Published on: November 8, 2022
Kalaburagi’s ‘Tur bowl’ tag
Kalaburagi’s ‘Tur bowl’ tag
Why in news?
Kalaburagi district’s tag as the tur bowl of Karnataka may turn shaky as farmers are switching over to other commercial crops.
- The red gram growing area is slowly being occupied by Bt cotton, soybean and other crops.
- The crop switch may affect tur dal, which has received a Geographical Indication (GI) tag for its superior quality.
- According to the agriculture department estimation, the area under tur dal cultivation has reduced to 4.70 lakh hectares against the average 6 lakh hectares a year in the last four years.
- Farmers in the tur dal growing areas of Jewargi, Afzalpur and Aland have moved towards soybean, black and green gram.
What is the importance of Kalaburagi tur ?
- Agricultural land in Kalaburagi district is rich in calcium and potassium. Therefore, it gives tur dal a unique taste and high nutritional value.
- Tur dal cultivation has steadily increased during the last decade and farmers have reaped benefits from it.
- the presence of limestone in Sedam, Chittapur, Chincholi and other areas of the district helps the tur grown here to receive the appropriate nutrition and hence the produce does not rot quickly and also has medicinal properties that can cure cancer.
What is the reason for switching the crop?
- Officials have attributed the switch to new crops to climate change and fluctuating market rates.
- excess rainfall and flooding in the district
- Farmers have shifted to either short-duration crops like soybean (three to four months), green gram (below five months) which increases the income of the farmer in short span
- Crops like sugarcane and cotton will fetch the more than tur dal , meanwhile Sugarcane has more MSP than tur
- With short-duration crops, farmers can cultivate a second crop like jowar in rabi season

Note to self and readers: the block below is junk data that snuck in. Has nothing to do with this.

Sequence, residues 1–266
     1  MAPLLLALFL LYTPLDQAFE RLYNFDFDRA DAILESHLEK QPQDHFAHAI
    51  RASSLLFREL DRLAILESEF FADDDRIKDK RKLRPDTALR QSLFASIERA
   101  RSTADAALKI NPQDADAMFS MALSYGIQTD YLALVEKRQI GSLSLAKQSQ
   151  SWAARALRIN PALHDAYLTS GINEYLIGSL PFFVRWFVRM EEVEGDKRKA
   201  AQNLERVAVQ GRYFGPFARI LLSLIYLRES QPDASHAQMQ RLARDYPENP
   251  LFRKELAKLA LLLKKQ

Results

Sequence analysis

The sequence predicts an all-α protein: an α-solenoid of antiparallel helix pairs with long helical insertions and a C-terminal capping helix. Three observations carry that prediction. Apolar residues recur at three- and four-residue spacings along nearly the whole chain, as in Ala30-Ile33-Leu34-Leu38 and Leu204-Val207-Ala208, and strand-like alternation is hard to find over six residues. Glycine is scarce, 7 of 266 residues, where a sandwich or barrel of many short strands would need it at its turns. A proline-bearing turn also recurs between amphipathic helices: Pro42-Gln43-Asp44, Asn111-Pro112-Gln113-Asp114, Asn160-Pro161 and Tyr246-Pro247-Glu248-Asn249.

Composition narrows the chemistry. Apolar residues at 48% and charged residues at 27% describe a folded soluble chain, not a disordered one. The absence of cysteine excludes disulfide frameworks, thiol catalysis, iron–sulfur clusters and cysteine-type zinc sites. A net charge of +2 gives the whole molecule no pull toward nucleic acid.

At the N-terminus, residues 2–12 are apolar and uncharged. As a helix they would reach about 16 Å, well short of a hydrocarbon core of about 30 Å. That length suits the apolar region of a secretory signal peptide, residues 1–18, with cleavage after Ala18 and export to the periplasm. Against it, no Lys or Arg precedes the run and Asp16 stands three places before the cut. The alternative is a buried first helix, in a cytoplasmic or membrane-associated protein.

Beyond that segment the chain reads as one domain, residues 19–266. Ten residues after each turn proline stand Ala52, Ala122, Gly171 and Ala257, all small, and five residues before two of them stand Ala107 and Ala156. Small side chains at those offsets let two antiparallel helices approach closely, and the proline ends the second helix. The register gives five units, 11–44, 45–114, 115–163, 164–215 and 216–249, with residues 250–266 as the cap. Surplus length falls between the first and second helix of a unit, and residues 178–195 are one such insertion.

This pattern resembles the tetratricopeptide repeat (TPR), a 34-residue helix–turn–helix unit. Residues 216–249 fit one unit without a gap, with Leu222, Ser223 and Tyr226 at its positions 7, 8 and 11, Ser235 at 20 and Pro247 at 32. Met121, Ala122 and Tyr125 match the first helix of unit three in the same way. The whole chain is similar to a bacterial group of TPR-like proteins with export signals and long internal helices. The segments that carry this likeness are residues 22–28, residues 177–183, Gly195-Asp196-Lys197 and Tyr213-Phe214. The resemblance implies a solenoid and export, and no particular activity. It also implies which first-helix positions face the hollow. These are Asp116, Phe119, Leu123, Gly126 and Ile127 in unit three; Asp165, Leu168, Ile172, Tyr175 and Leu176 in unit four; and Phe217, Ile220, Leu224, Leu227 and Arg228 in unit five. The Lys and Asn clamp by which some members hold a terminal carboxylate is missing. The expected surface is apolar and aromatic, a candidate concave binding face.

What lies ahead ?
- farmers said scientists should focus on developing new varieties of tur dal that will give early and better yields, and withstand excess rainfall.
Pigeon pea/ Tur
- The pigeon pea is widely cultivated in tropical and semitropical regions commonly consumed in South Asia, Southeast Asia, Africa, Latin America and the Caribbean.
- They contain high levels of protein and the important amino acids methionine, lysine, and tryptophan
- They can be of a perennial variety, in which the crop can last three to five years or an annual variety more suitable for seed production.
- In Congo, Pigeon peas are utilized as one of the main food forest and soil improvement crops after using a slash-and-burn fire technique called maala.
- It is the first seed legume plant to have its complete genome sequenced. The sequencing was first accomplished by from the Indian Council of Agricultural Research.
- Being a legume capable of symbiosis with Rhizobia, the bacteria associated with the pigeon pea enrich soils through symbiotic nitrogen fixation.
Tur in India
- It is cultivated over marginal lands and under rainfed conditions in the dry areas of central and southern states of the country.
- Maharashtra alone contributes about one-third of the total production of tur.
- Other leading producer states are Uttar Pradesh, Karnataka, Gujarat and Madhya Pradesh.
Tur in Karnataka
- Kalaburagi as it is known now is often called the ‘red gram bowl’ of Karnataka. Coined as the ‘land of tur dal’, it accounts for the highest red gram production in Karnataka and roughly about a tenth of India’s total production
- The dry weather conditions, rich black soil and water from the rivers of Krishna and Bhima that flow through this district makes it ideal for the cultivation
- Major Tur arrival markets in Karnataka: Kalaburagi ,Bidar, Raichur, Yadgiri Talikote, Sedam, Shorapur, Bhalki.